Food and fibre sector leaders are counting on Generation Z (loosely defined as those born between 1995 and 2010) to take on the future of New Zealand’s food and fibre sector and meet the challenges it faces.

The key to attracting Generation Z (Gen Z) to the sector will be making them aware of the scope of opportunities across the sector, says Madison Pannett, the Kellogg Rural Leadership scholar behind the report, Generation Z and the environment – how can we use their passion to attract them into food and fibre sector careers?

“I have found my journey into the sector so personally rewarding, so I was keen to explore how to inspire young people to join,” Madison says. She now works for the Ministry of Primary Industries (MPI) as a senior adviser in the Animal Welfare Liaison team.

“From my research, I found that Gen Z mainly associates food and fibre sector careers with roles onfarm and not with the wider opportunities that are available.” She says that sector leaders need to tell the story of the scope of rewarding and diverse roles available for Gen Z to contribute and work in line with their values.

Head of Massey University School of Agriculture and Environment at Palmerston North, Paul Kenyon, says Massey has a wide range of study options that cover the spectrum from pre to post the farm gate, encompassing animal health and welfare, and the environment – key interest areas for Gen Z.

“What sets us apart is the fact that we have many disciplines together on one site that individually contribute to our agricultural ranking.

“Obviously, there is our agricultural programme of study, but we also have horticulture, animal science, agribusiness, environmental science, earth science, ecology, food science, and veterinary science, with all groups working together collaboratively.”

Paul notes Massey ranks particularly high in employer reputation, as in what employers think of their graduates. Job prospects are so good for agricultural tertiary students, that they need more students to meet industry demand.
“Many of our students have roles confirmed halfway through their last year and the majority have roles confirmed before the end of their last year,” he says.

Ben Crane, who was awarded Massey’s 2021 Agriculture Student of the Year, can advocate for Massey’s agricultural programme. Originally from urban Taranaki, Ben had zero experience in agriculture, and his first glimpse into the field stemmed from being part of his school’s trial of the NCEA Agribusiness courses.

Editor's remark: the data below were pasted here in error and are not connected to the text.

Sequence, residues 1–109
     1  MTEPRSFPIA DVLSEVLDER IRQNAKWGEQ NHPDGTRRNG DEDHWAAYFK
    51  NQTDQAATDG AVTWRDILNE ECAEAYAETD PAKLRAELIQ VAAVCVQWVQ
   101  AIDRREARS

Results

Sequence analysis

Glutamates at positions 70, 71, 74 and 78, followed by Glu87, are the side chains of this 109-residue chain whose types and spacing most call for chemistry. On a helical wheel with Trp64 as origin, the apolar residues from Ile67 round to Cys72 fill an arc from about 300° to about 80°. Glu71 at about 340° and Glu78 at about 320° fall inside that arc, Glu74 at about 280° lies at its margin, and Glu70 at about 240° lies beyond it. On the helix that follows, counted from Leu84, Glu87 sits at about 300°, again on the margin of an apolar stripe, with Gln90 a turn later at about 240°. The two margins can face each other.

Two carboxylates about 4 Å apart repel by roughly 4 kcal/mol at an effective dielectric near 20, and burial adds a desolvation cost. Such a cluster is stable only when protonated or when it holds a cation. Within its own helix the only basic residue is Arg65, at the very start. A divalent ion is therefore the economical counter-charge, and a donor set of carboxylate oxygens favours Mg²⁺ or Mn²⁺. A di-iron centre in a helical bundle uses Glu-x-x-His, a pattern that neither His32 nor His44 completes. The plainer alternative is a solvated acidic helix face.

The driving force for his decision to attend Massey University was the range of industry scholarships available and the job prospects upon graduation.

This meant a minimal student loan, and a maximum return on investment for Ben, which has indeed paid off for him as a graduate. Here is his sound advice for school leavers considering their options:

“My number one piece of advice for school leavers, or anyone wanting to do a degree, who are unsure exactly what to do, is to choose something that is so broad you can work in any sector or business.

“As a school leaver, or anyone in fact, you are highly likely to be a different person when you finish your degree. Agribusiness allows you to complete a wide range of papers giving you the ability to pick up an understanding on business and science topics.”

Ben was a part of DairyNZ’s scholarship programme during his degree, which led to the opportunity to be the student representative for the NZ Institute of Primary Industry Management. Recently, he has been awarded the graduate placement for H&T Agronomics where he will begin training to become a qualified forage and crop advisor, following his strong passion for the seeds industry.

Another notable Massey University alumnus is Hannah Wood, a food technologist who is now paving the way for NZ’s gelato scene with her award-winning business Little ‘Lato. Hannah, who features on the This Working Life series on Fieldays TV, says she was unsure about what she wanted to do after school, but a representative from Massey University inspired her to study food technology there.

“I think food technology was a great platform for learning about different areas [of the sector], and everything you do is going to give you breadth of experience that will help you,” she says.

“The ultimate goal would be to bring authentic gelato to New Zealand and get people on the bandwagon!”
To check out how other young people are making their way in the food and fibre sector, head to the This Working Life channel on Fieldays TV at and watch on demand. Head to to explore their programmes of study.